I had to give birth to my second child in jail
ANDREA PENROSE DESCRIBES HOW BAD DECISIONS LED TO HER LIVING A LIFE FAR FROM ANYTHING SHE EVER IMAGINED
Shackled to a bed in a public hospital, in pain, with only an unsympathetic prison guard and a midwife by my side: it’s not how I pictured myself giving birth to my son. The hospital was filthy, the toilets were covered in blood, and used sanitary pads covered the floor. I was looking forward to going back to Sun City – not the holiday resort – Jo’burg’s maximum security prison. It’s where I was serving my 10-month prison sentence for a fraud conviction.
In my mind what happened to me didn’t happen to people with my background. I had a decent upbringing, my father was wealthy and my mother a good provider.But when they divorced, my mom and I moved to Jo’burg. After studying travel and tourism, I landed a job as a consultant at a travel company. I loved it and worked my way up until I was appointed inland implementation manager. One of my responsibilities was recruiting staff to work as in-house consultants for our corporate clients. During that time, I met my ex-husband. Our relationship was great until he became physically and emotionally abusive. He often just sat at home all day smoking weed.
I thought things would improve if I married him and gave him a child, but his attitude only worsened. When our daughter was two years old, I left him after he punched me in the face. From that day he was no longer part of my life but I still had to stand trial with him for two years for a crime we committed together. He had started a recruitment agency and my employer was his main client. I was receiving hundreds of CVs and would often give them to him to see if he could find jobs for them. On occasion I would need to fill a position and would pick from the CVs I had given him. We then told my company the candidate was recruited by my ex-husband’s company, and charged them a recruitment fee.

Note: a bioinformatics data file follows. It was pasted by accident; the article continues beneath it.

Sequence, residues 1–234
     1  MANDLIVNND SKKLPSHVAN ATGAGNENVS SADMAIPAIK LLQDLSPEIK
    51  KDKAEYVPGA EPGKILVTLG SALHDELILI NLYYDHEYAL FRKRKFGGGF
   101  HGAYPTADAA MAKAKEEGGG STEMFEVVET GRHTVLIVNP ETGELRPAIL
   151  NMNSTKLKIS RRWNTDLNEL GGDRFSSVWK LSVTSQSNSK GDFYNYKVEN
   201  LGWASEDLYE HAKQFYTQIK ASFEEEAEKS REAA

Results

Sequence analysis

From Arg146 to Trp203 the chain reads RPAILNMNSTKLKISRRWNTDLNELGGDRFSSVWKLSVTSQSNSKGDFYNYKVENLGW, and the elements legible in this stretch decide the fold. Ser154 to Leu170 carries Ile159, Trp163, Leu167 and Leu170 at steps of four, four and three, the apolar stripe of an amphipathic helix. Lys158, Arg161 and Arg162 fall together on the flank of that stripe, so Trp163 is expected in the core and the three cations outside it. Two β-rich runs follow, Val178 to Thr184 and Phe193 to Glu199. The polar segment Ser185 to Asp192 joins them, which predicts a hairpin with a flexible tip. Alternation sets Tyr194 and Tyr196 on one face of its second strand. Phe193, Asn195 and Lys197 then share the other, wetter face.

When an investigation was carried out I was charged with defrauding my company out of R100 000. The forensic investigator warned me that, if found guilty, I’d go to jail and my daughter (then only six weeks old) would go to foster care. I denied the charge outright. A year into the trial I reconnected with an old school friend. Our relationship grew and while living together I fell pregnant with his baby. I was then found guilty of fraud and, on the day of sentencing, I dropped my daughter off at my mom’s house and told her I would see her later. ‘Later’ turned out to be almost a year afterwards. I was sentenced to five years’ correctional supervision and a minimum of 10 months’ incarceration.
The humiliation started when I arrived at the prison. They took all my belongings and I was strip-searched in front of about 30 other inmates; they even did a cavity search.
Because I was six months pregnant I was locked up in the maternity section of the prison where I shared a cell with 16 other women. We just sat around and talked to each other all day.There was never any peace; the lights were on from 5am to 10pm and I was too scared to sleep for the first few nights. Even though I was pregnant I lost 29kg. Prenatal check-ups at the public hospital were equally demeaning because I would have to walk through in my prison uniform, handcuffs and leg irons. On the day I was scheduled to have a Caesarean, I was taken to another public hospital but put at the back of the queue as more pressing emergencies came in. After four days of no water or food because I was expecting to go into theatre, I collapsed. It was now too late to have the C-section. Luckily I had an easy birth, it just took two pushes and he was out. We went back to the prison the next day and my son shared my bed until the day I was released. I hadn’t seen my daughter because I didn’t want her to visit me in prison. She thought I was at work. We spoke on the phone once a week except when she didn’t want to talk to me. When I arrived at my mom’s house, which was to become my home while under house arrest, my daughter threw her arms around me and said: ‘I’m so happy you are home. I missed you so much.’ In that instant she forgave me and all was forgotten.
I have remarried (that old school friend) but I am open about my past. I’m done with secrets. I speak about fraud and my experience at events to help others avoid making the mistakes I made. I was hired by someone who heard one of my talks and offered me a position at their travel company. My parole conditions allow me to go to work during the week; I just have to be home by 9pm and I may not leave Gauteng without permission. At first I was angry, but I was also ashamed and had to deal with the embarrassment that my family was also facing. Over time, though, I’ve realised they had served every day of my sentence with me too. And I have also learnt forgiveness, acceptance and tolerance.
Andrea with her second husband, embracing life, post-prison.